This week’s post comes from Mr Wilks, the Sphere Federation Leader for Science and foundation subjects…
What do we mean by topics?
Topics are the vehicle for delivering much of the learning in the foundation subjects (eg History, Art, Geography, Design and Technology). Each half-termly topic has a driving subject – the main focus for teaching pupils the knowledge and skills they need to succeed in life. The driver changes with each topic to ensure a broad and balanced curriculum.
Although the learning in each topic will be provided by the driving subject, there are opportunities for enrichment through other subjects. For example, learning in an art topic may be enriched by geography learning about where an artist was born and lived.
Read more about the intent, implementation and impact of our topics.
What is this half-term’s topic?
This half-term, we’re artists and will be developing our art knowledge and skills.
The learning this half-term has two aspects to it. The first is art history where children will learn about specific artists and their work. The other is the art process where children will practise and develop skills by creating art.
Each phase has age-related specific knowledge, skills and vocabulary that they’ll learn, use and apply across the topic.
Years 1 and 2
Children have two featured artists: Leonardo Da Vinci and Paul Klee. They’ll compare their art, talking about similarities and differences. They’ll discuss what they like and dislike about the art and how it makes them feel. They’ll also learn about the artists’ lives and where in the world they lived.
In practical art lessons, children will be honing their artistic skills and knowledge by sketching objects using pencil, learning about and mixing colour and then they’ll be learning how to print by creating relief prints inspired by the artwork they’ve studied.
Years 3 and 4
Children will learn about the work of Wassily Kandinsky and Martha McDonald Napaltjarri. They’ll compare and contrast artworks by these artists and also learn about their lives and the places they lived. In particular, children will learn about abstract and figurative art (see the vocabulary for definitions of these words).
In practical art sessions, children will develop observational drawing skills, and develop their understanding of colour by learning about warm, cold and complementary colours. They’ll then apply what they’ve learnt by creating some mixed media collages inspired by the artists they’ve studied.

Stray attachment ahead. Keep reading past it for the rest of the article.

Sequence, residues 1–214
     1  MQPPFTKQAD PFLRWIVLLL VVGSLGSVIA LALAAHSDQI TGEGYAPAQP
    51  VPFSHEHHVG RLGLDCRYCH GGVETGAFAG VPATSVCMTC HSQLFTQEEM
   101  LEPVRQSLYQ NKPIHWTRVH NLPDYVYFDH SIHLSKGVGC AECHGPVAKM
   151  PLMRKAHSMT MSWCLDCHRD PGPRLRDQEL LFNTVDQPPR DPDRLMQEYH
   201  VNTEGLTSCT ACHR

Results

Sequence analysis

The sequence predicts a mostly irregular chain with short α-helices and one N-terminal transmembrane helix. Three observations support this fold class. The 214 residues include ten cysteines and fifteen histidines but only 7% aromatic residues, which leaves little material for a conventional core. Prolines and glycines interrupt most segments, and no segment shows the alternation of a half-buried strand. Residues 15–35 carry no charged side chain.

Years 5 and 6
Children are learning about sculpture in their art lessons and will focus on three artists: Barbara Hepworth, Henry Moore (both local artists) and Thomas J Price. The children have already been on their school trip to the Yorkshire Sculpture Park last week where they’ve seen and learned about sculptures by these artists.
Ask your child describe the art work of each artist and then do an internet search of their work to carry on the discussion.
In art history lessons, they learn about the lives of these artists and how their localities have influenced their art. They’ll learn about classical and modern art in relation to their featured artists and in art movements more generally. They’ll also learn when and why the modern art movement happened.
In practical art lessons, children will develop their observational skills and will creating maquettes (see the vocabulary list) inspired by the work of Barbara Hepworth.
How can you help?
Talk to your child about what they’ve been learning in class. The class news page of our website is a good place to go to find out more.
Familiarise yourself with the artists and the art work that your child is learning about. Look in books or on the internet for pieces by the artists and talk about them. Find art by other artists that you like and compare it to the featured artists. If you feel confident, you can go into more depth using age-related expectations and the vocabulary. However, if not, leave that to the teachers and just enjoy looking at the pieces and asking general questions:
- What do you like or dislike about the art?
- How does the art make you feel?
- Is it life-like or not?
- What colours can you see?
Finally this week, two reminders…
Next week is Anti-Bullying Week. This year’s theme is ‘One Kind Word’ and we will be taking part in Odd Socks Day on Monday. Odd Socks Day is to raise awareness of our differences, individuality and personal choice. Your child (and you!) can come to school wearing odd socks to celebrate what makes them unique.
And next Friday is Children in Need day. This is a non-uniform day. Your child is invited to come to school in non-uniform and make a donation to the charity.
Have a good weekend!